The book is sadly lacking in statistics, as well as detailed cost analysis. It does, however, mention several important details: hospice care, for instance, is intended to optimize the day to day life, rather than potential recovery as opposed to the standard heroic life-extension attempts today. However, it turns out that hospice care usually also leads to as long or longer lifespan as a result: it turns out that if your day to day life isn't hell, you actually live longer even if heroic medical interventions aren't exerted:

The result: those who saw a palliative care specialist stopped chemotherapy sooner, entered hospice far earlier, experienced less suffering at the end of their lives— and they lived 25 percent longer. In other words, our decision making in medicine has failed so spectacularly that we have reached the point of actively inflicting harm on patients rather than confronting the subject of mortality. If end-of-life discussions were an experimental drug, the FDA would approve it.(Kindle Loc. 2504-7)
By far the biggest problem, it appears, is that medical professionals have to be able, trained, and willing to have these difficult discussions with patients. In one example, Gawande observes a physician saying, "Well, a good outcome for this patient as a result of this procedure would be an additional year or two." At the same, time, the patient was thinking in terms of getting an additional decade or two of life for the same procedure. Without a thorough and honest exploration of what each option means, it is no wonder that so many patients get railroaded into heroic interventions at the expense of quality of life and time spent with their loved ones:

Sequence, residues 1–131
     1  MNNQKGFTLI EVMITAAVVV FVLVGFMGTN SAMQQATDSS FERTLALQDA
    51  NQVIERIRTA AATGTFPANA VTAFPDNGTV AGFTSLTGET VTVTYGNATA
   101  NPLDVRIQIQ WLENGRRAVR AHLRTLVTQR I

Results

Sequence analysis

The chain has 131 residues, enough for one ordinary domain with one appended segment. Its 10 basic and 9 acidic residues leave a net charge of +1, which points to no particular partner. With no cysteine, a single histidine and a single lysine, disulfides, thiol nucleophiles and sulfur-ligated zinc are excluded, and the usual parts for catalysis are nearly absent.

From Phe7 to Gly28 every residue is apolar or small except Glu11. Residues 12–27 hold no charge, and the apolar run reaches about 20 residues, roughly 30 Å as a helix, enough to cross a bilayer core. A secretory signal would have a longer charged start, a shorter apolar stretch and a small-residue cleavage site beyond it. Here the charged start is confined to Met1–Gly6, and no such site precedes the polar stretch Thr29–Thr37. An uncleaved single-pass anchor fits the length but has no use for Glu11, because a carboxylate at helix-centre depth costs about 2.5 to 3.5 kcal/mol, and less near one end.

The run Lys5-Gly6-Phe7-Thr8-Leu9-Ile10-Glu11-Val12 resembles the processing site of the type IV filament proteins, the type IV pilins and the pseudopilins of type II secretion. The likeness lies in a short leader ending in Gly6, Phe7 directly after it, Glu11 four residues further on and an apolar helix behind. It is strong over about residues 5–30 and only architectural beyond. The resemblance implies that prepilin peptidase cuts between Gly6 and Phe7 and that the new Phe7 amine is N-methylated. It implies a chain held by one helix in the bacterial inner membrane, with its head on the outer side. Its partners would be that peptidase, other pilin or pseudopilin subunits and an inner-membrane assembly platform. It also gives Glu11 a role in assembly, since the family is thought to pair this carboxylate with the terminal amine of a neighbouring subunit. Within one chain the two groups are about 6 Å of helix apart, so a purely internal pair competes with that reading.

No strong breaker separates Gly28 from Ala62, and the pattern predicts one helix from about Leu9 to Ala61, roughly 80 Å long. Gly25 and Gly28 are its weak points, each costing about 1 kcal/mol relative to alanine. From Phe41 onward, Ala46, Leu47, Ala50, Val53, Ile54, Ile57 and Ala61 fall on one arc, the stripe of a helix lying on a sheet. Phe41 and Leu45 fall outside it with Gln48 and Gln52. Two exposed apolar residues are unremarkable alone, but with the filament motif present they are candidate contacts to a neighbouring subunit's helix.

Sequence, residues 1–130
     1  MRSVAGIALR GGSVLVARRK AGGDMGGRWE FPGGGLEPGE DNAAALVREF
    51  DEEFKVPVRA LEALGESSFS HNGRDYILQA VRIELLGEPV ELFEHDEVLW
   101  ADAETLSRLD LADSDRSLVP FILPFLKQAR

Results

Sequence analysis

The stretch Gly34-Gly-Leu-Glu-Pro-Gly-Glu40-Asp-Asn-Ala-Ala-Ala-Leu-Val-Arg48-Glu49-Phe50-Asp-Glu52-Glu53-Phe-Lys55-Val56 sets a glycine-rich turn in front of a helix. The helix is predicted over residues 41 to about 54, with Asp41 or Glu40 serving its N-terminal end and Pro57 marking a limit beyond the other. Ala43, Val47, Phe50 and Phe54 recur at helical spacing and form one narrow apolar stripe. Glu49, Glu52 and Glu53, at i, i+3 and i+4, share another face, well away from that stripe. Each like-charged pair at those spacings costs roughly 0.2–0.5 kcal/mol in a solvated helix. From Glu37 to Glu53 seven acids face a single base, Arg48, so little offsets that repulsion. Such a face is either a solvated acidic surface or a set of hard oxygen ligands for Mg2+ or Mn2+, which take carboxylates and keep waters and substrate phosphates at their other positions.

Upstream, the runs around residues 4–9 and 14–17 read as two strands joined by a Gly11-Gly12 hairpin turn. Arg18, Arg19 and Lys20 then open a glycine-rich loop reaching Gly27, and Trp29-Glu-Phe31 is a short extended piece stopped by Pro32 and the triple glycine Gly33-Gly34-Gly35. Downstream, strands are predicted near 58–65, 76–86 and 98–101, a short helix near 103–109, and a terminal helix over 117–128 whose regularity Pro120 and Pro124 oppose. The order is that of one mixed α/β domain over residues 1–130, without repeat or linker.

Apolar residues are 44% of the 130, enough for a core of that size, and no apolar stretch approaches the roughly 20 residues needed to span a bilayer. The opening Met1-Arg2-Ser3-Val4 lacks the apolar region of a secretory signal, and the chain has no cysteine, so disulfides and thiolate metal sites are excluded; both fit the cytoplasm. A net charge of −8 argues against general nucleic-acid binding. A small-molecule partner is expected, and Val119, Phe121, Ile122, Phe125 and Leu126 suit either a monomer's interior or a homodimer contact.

People die only once. They have no experience to draw on. They need doctors and nurses who are willing to have the hard discussions and say what they have seen, who will help people prepare for what is to come—and escape a warehoused oblivion that few really want.(Kindle Loc. 2655-57)
  In any case, despite my mild criticism of the book above, this has so far been the best book I've read all year. If you have aging parents or are yourself aging, this book is a must-read. Highly Recommended.